A local resident, Matt Lorimer, stated that the state has been in a drought for four years. He questioned the Council’s green light on so many development projects and said it is “irresponsible” to not stop building. He stressed that the City Council is accountable to the residents, not developers who stand to lose millions of dollars. He warned that the Council would have to explain a Stage 3 or 4 water conservation plan imposed in the future as a result of not passing the Urgency Ordinance.

Another local resident who works in the tile insurance industry stated that the Council should provide more time for the public to weigh in on the Urgency Ordinance. “Developers have helped build the City”.

Mayor Bill Little said “we can’t conserve our way out of the drought and the City needs to provide jobs and homes”. He also hopes for relief from the drought given the projected wet winter. The Council members spent considerable time discussing which projects would be granted an exemption. Councilmember Mike Morgan pointed out that the developers who would be denied an exemption had “spent a lot of money” already. Councilmember Jan McDonald supported passing the Urgency Order and bringing it back for re-consideration after the rainy season plays out. She said the “citizens will pay the price” if the Urgency Ordinance fails. Councilmember Charlotte Craven said a “physical education teacher requires students to play by the rules and not change the rules in the middle of the game”. However, the previous water conservation steps laid out by the City are potentially no longer appropriate given the Governor’s Executive Order. Councilmember Kevin Kildee said “we have to play with the cards we ae dealt with”.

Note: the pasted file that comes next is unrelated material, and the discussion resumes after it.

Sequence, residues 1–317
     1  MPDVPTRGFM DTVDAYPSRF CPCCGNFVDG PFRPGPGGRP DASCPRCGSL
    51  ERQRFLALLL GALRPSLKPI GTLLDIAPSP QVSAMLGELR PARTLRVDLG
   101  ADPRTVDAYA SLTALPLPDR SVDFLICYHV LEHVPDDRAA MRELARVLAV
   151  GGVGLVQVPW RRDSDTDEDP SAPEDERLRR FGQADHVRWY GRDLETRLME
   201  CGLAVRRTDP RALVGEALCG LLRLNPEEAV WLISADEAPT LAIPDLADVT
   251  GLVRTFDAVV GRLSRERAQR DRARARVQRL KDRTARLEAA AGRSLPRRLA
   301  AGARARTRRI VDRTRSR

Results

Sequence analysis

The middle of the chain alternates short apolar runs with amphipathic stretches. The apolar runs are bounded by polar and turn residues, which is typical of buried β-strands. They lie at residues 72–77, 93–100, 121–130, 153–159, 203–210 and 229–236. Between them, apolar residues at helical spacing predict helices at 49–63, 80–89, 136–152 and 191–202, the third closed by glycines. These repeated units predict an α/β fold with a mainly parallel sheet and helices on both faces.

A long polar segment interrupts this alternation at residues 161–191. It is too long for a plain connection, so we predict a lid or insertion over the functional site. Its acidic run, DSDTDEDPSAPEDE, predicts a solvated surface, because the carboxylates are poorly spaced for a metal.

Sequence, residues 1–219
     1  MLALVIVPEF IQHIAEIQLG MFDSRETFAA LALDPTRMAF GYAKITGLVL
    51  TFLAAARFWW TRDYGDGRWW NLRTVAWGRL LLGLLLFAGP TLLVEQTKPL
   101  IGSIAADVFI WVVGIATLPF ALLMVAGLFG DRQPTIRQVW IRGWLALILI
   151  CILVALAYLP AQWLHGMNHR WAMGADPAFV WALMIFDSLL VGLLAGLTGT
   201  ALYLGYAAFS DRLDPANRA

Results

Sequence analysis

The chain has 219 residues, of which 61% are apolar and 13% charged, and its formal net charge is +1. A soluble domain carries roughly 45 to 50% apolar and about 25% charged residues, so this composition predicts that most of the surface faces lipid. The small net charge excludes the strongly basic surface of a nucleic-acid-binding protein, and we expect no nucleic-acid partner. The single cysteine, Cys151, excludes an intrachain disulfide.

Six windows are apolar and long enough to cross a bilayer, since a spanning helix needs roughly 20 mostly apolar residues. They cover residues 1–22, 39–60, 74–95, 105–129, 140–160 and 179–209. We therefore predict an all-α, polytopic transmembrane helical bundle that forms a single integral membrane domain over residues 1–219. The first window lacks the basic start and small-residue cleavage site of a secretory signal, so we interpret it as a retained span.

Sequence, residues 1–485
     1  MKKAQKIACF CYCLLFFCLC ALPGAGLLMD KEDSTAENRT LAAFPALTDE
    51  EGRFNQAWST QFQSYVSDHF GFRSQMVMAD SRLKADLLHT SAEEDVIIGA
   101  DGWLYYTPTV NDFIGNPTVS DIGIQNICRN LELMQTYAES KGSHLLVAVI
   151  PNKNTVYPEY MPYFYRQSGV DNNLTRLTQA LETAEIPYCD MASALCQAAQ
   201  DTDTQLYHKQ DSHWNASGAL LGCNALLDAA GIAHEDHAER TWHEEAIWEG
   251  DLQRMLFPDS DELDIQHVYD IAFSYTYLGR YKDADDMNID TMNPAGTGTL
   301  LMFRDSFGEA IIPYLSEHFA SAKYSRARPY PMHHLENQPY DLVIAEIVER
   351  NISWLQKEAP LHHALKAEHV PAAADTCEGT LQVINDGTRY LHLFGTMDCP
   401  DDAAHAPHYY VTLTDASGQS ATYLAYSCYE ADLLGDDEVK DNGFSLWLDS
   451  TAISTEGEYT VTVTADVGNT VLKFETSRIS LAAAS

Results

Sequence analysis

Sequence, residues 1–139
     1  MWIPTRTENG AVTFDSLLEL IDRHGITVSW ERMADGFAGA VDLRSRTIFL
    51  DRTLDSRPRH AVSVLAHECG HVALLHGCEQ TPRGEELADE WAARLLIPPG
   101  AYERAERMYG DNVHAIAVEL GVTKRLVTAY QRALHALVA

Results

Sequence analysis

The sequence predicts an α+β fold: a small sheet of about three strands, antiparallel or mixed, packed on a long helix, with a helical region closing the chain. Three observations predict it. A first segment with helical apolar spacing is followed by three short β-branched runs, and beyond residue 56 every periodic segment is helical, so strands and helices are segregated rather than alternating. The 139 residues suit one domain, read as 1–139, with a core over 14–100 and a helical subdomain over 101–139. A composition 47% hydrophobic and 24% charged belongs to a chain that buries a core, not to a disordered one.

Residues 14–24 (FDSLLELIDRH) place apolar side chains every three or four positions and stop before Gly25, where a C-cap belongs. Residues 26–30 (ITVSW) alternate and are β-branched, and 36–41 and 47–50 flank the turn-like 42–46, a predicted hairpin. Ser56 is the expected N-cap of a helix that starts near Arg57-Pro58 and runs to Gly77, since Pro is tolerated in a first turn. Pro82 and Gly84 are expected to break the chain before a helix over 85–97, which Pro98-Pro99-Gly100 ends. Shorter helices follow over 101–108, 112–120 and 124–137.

Missing was any discussion of liability the City may have if projects that had moved forward in good faith were stopped by the Urgency Ordinance. One of the developers said that passing the Urgency Ordinance would be viewed as “grossly negligent”. There was consensus among the developers that they were not given sufficient time to analyze the Urgency Ordinance and develop a plan to mitigate the City’s concerns.

At this point in the meeting, a Motion was made and seconded to adopt the Urgency Ordinance. The Motion failed.

There was continued discussion of exemptions and one developer stated that the process was a “gross violation of due process and procedure”. Staff member, Mr. Fox, conceded that the City should “not do this on the fly”. Councilmember Jan McDonald suggested that the Urgency Ordinance be returned to the Council’s August 26th meeting for further review. Councilmember Kildee said further discussion could “find another way out”. The 30-day delay was also supported by the fact that no developer would try to walk through a will-serve letter during the next few weeks.

Camarillo Council Meeting Archive

Logan McFadden is a city reporter and a recently retired banker, residing in Camarillo. He volunteers for the Heritage Action Sentinel team and serves as the AMAC Delegate to the 26th Congressional District.

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One Response to Developers Confront Camarillo City Council over Water

  1. sh July 28, 2015 at 3:57 pm

    I wonder what the citizens of Camarilo will say about a massive Disneyland style park being designed for Camarillo. The designs have been shown to a select few who are excited about potential jobs and revenue. Water? Elected officials believe in the salvation of development for city budgets that are harder and harder to balance, a false promise based on outdated demographics and consumption patterns.